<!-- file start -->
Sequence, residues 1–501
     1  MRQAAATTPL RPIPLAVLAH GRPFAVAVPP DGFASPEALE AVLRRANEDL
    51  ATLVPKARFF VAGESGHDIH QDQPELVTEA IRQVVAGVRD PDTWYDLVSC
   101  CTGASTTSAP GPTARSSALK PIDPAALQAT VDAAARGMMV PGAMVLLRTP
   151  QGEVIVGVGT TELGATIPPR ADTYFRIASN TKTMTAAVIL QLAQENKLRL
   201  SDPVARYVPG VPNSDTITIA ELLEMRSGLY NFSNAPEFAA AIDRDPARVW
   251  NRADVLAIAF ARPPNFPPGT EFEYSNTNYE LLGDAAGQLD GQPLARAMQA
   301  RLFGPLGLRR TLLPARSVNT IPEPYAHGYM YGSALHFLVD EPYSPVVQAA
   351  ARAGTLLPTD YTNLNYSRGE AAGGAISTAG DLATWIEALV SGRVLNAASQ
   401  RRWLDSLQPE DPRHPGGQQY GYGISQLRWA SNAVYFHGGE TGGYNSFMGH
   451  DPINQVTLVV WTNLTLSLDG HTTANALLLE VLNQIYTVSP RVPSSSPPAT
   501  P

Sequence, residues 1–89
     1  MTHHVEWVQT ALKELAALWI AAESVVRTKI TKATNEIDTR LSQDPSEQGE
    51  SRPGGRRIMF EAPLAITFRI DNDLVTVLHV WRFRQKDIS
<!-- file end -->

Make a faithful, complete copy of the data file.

Sequence, residues 1–501
     1  MRQAAATTPL RPIPLAVLAH GRPFAVAVPP DGFASPEALE AVLRRANEDL
    51  ATLVPKARFF VAGESGHDIH QDQPELVTEA IRQVVAGVRD PDTWYDLVSC
   101  CTGASTTSAP GPTARSSALK PIDPAALQAT VDAAARGMMV PGAMVLLRTP
   151  QGEVIVGVGT TELGATIPPR ADTYFRIASN TKTMTAAVIL QLAQENKLRL
   201  SDPVARYVPG VPNSDTITIA ELLEMRSGLY NFSNAPEFAA AIDRDPARVW
   251  NRADVLAIAF ARPPNFPPGT EFEYSNTNYE LLGDAAGQLD GQPLARAMQA
   301  RLFGPLGLRR TLLPARSVNT IPEPYAHGYM YGSALHFLVD EPYSPVVQAA
   351  ARAGTLLPTD YTNLNYSRGE AAGGAISTAG DLATWIEALV SGRVLNAASQ
   401  RRWLDSLQPE DPRHPGGQQY GYGISQLRWA SNAVYFHGGE TGGYNSFMGH
   451  DPINQVTLVV WTNLTLSLDG HTTANALLLE VLNQIYTVSP RVPSSSPPAT
   501  P

Sequence, residues 1–89
     1  MTHHVEWVQT ALKELAALWI AAESVVRTKI TKATNEIDTR LSQDPSEQGE
    51  SRPGGRRIMF EAPLAITFRI DNDLVTVLHV WRFRQKDIS